Sketched out in 1992, selected by ESA in 1996, launched in 2009, Planck delivered a first set of results on March 21, 2013, in particular a "definitive" map of the anisotropies of the Cosmic Microwave Background (CMB). The later displays minuscule variations as a function of the observing direction of the temperature of the fossil radiation around its mean temperature of 2.725K. These CMB anisotropies, of rms ~100microK, reveal the imprint of the primordial fluctuations which initiate the growth of the large scale structures of the Universe, as transformed by their evolution, in particular during the first 370 000 years. Since 2013, we analyzed twice more data and in particular the polarization information we gathered over the full course of the mission. I will describe the new results we just obtained, and in particular confront what temperature and polarization anisotropies teach us, both in terms of content of the universe and of characteristics of the primordial fluctuations.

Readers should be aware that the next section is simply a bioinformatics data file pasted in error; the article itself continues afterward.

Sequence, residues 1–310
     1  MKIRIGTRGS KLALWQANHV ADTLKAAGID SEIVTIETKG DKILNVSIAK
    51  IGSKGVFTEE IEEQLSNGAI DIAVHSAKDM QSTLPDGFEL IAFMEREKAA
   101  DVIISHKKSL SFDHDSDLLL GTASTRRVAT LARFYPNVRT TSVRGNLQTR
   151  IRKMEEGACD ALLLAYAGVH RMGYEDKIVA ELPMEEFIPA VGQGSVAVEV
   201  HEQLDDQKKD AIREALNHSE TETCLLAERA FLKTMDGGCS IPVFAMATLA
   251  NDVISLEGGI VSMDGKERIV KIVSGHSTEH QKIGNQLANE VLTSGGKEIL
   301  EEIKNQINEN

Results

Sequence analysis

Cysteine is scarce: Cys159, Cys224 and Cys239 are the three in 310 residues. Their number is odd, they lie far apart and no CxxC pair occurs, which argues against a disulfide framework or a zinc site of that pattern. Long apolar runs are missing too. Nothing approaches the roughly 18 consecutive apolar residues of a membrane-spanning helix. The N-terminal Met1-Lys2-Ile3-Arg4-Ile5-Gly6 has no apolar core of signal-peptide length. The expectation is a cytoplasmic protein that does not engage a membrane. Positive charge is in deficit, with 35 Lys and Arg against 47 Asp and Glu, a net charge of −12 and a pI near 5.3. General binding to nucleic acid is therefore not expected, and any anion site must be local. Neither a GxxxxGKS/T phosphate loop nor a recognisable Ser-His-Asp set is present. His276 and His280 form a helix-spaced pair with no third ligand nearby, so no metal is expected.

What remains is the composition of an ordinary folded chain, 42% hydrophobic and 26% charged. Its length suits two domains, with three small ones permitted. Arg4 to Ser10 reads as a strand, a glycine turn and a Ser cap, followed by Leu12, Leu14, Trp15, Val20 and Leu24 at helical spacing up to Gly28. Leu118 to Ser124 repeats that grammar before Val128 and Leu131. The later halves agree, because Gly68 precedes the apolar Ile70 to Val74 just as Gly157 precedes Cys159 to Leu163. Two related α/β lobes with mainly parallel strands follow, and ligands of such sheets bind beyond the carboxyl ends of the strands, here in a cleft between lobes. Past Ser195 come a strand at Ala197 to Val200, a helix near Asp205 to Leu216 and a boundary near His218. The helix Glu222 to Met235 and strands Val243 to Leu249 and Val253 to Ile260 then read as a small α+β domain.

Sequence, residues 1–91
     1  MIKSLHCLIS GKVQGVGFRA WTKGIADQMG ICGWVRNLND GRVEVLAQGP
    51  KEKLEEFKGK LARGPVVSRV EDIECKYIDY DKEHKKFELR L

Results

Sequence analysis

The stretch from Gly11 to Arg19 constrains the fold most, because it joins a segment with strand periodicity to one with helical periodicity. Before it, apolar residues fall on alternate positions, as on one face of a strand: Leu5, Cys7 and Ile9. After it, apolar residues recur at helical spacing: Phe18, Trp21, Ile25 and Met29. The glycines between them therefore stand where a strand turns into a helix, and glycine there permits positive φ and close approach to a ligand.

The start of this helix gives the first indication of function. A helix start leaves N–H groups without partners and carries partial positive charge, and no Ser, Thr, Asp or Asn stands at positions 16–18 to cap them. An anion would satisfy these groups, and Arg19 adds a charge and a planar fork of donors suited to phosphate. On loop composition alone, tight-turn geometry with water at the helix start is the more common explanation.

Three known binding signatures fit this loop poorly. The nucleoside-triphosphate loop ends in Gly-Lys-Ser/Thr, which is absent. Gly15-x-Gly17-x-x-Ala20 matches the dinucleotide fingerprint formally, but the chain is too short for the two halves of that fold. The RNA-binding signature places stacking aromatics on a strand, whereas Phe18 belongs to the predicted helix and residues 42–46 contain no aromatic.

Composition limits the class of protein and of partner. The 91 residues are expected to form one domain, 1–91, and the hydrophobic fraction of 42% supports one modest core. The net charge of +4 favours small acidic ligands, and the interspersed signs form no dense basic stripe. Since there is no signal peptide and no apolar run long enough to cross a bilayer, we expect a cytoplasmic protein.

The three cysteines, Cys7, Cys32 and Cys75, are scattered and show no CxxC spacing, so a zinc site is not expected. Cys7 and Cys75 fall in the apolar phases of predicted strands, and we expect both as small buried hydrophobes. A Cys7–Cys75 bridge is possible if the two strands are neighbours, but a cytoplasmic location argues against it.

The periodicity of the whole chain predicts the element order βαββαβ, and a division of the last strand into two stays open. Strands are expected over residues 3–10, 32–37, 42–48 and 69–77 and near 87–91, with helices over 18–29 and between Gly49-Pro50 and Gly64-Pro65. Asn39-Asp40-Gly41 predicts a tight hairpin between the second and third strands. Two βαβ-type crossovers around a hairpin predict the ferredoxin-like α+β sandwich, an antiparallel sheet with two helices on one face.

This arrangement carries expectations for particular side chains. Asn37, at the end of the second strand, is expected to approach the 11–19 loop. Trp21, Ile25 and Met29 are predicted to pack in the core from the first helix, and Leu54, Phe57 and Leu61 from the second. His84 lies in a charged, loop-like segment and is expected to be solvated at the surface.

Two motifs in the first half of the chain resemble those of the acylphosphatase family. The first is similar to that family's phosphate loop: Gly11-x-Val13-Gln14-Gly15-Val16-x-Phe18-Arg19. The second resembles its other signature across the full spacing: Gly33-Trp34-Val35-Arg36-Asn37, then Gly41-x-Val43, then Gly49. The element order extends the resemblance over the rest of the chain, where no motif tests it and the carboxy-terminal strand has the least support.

Held Tuesdays at 4:15 pm, in the William R. Hewlett Teaching Center, room 200 (see map). Refreshments in the lobby of Varian Physics at 4:00 pm.
Autumn 2014/15, Committee: A. Linde (Chair), L. Hollberg, B. Macintosh & Young Lee